Revamping the module hierarchy (was: ANNOUNCE: OpenGLRaw

Iavor Diatchki iavor.diatchki at
Fri Jun 19 03:08:47 EDT 2009

I agree with Johan that the name hierarchy should be changed.  The
current approach has a number of drawbacks.  In no specific order:

  * Trying to use a single hierarchy to classify modules is inaccurate
because many module could logically belong in multiple locations.  We
have many examples that demonstrate this in the current hierarchy:
Text is not Data; the HTTP protocol is under Network, but XML is under
Text even though both are text based protocols; URLs are under Network
(and so are neither Data nor Text), file operations are under
System.IO but Network operations are in their own name space.  This is
not because the authors of the packages were not careful in selecting
the names.  The problem is that for many module there isn't a single
name that describes its content.

  * The current naming convention makes it harder to understand
programs (independent of overly long import names like
Network.Protocol.Http.Cookies, which could be just as well described
as Protocol.Network.Http.Cookies).  The real problem with readability
is that looking at the imports of a module does not give any
indication of what package the modules come from, which makes it hard
to understand the dependencies of the module and, more pragmatically,
makes it hard to lookup documentation for the module contents.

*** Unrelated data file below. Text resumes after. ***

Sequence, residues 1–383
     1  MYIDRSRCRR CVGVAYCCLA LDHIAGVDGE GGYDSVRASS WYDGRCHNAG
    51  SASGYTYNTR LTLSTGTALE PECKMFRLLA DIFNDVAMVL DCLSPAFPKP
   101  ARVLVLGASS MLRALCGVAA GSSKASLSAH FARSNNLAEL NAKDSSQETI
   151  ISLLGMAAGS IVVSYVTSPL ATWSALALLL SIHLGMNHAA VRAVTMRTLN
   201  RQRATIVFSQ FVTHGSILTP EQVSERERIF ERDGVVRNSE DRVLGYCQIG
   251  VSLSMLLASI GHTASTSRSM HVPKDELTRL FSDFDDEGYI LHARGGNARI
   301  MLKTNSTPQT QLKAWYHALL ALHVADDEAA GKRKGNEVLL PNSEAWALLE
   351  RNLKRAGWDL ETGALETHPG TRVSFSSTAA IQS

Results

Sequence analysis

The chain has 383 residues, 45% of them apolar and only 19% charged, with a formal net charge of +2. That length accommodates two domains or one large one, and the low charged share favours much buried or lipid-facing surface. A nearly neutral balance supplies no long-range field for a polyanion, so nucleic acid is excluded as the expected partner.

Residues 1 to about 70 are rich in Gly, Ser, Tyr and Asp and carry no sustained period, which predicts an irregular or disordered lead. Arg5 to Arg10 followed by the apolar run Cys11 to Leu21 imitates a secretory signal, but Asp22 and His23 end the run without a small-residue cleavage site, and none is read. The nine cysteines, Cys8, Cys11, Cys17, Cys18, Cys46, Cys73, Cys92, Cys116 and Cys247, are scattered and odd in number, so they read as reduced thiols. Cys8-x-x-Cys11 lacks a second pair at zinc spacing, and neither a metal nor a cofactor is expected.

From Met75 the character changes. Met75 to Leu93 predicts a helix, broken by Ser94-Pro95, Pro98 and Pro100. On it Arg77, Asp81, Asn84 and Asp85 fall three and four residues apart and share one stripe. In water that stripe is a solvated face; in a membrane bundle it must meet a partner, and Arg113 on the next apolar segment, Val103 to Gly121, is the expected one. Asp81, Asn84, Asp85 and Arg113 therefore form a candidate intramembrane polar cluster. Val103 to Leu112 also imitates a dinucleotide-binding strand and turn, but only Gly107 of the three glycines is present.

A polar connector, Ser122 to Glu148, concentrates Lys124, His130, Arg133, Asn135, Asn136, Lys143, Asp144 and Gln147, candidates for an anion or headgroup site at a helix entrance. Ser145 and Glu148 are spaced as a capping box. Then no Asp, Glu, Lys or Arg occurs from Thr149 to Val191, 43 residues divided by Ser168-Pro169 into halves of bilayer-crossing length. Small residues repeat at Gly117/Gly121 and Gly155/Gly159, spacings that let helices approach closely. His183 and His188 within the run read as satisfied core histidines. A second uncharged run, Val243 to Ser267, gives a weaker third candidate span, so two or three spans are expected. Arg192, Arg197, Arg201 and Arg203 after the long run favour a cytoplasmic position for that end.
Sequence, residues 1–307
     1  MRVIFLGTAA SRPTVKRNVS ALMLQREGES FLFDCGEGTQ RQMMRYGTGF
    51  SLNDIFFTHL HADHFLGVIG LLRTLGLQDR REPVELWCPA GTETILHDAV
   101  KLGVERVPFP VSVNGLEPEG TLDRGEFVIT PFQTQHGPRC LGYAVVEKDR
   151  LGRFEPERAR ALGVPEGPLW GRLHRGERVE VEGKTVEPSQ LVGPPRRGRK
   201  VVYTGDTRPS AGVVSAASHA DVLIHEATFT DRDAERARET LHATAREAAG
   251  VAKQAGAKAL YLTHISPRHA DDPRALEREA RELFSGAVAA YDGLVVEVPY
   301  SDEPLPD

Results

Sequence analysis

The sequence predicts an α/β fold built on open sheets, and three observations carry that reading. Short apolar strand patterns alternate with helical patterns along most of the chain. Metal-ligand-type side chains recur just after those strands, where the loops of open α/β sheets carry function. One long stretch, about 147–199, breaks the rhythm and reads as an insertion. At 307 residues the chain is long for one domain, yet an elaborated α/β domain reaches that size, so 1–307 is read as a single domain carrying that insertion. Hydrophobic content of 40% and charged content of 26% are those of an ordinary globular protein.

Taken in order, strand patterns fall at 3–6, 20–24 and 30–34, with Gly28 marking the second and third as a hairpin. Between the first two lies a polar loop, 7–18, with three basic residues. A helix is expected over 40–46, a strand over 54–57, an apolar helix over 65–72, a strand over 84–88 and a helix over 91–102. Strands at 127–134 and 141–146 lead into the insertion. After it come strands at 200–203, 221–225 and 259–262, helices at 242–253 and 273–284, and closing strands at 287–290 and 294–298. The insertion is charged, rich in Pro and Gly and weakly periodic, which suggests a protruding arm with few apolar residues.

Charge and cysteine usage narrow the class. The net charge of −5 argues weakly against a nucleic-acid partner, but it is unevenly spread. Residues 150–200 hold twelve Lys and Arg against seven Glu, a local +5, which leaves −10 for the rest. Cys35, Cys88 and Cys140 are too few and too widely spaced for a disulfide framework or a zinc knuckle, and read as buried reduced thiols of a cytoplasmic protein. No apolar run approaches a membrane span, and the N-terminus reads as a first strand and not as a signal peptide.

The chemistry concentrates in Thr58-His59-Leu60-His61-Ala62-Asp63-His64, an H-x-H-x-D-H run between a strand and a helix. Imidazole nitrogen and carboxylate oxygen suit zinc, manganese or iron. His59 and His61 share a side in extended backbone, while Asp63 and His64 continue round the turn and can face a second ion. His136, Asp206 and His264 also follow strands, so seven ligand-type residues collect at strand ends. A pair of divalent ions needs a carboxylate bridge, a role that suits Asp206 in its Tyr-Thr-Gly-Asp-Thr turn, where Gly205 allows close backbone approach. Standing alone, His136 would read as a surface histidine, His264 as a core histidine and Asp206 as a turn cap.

* The current naming convention does not scale because each package
may introduce modules that are placed all over the name hierarchy.
For example, the utf-8 library redefines some IO operations so it has
modules under System.IO, it provides some ByteString support so it
also has modules under Data.ByteString, and finally it also deals with
text, so it has modules under Text.Codec.  This is a problem because
it is hard for package writers to avoid name collisions, without
knowing the modules in all available packages.

I think that a better way to organize our programs is to prefix the
modules in a package with the package name.  This will avoid the name
collision issue (or at least, greatly simplify it, because packages
that are uploaded to hackage need to have different names).  It would
also make the dependencies of a module quite obvious.  It would also
make our import lists much simpler.  For example, we would write
"import HaXml" instead of import "Text.XML.HaXML", or "import
Parsec.Char" instead of "import Text.ParsingCombinators.Parsec.Char".
If classifying modules according to their purpose is necessary (and I
am not sure that it is, if we can do it at the package level), then we
could think of a more suitable mechanism to achieve that goal then the
hierarchical names.


On Tue, Jun 16, 2009 at 7:45 AM, Ian Lynagh<igloo at> wrote:
> On Fri, Jun 12, 2009 at 10:46:07PM +0200, Johan Tibell wrote:
>> Perhaps it's time to overhaul the hierarchy. Some top level module
>> namespaces like Network have become very crowded. Network is a very generic
>> name that it conveys very little information today when most software has a
>> network component. I suggest that parts of it be broken out into new top
>> level modules. As a first step I suggest we create a new Http (and not HTTP
>> with all caps please) module where we can have:
>> Http.Client
>> Http.Server
>> Http.UrlEncoding
>> Http.Cookies
>> etc.
> I don't follow the logic. If Network is crowded, doesn't that mean we
> should be aiming to subdivide it, e.g. moving
>    Network.Http.*
> to
>    Network.Protocol.Http.*
> (FSVO "Protocol"; could be "Tcp", or something else entirely)?
> If we move everything up to the root then the root will be even more
> crowded than Network is.
> Thanks
> Ian
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